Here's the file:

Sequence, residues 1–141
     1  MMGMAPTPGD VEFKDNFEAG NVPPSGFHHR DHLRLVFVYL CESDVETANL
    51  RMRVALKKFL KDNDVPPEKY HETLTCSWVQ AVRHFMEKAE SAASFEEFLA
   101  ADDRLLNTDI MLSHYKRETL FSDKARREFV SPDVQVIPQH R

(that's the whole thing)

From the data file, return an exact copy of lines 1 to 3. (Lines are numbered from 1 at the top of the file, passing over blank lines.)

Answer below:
Sequence, residues 1–141
     1  MMGMAPTPGD VEFKDNFEAG NVPPSGFHHR DHLRLVFVYL CESDVETANL
    51  RMRVALKKFL KDNDVPPEKY HETLTCSWVQ AVRHFMEKAE SAASFEEFLA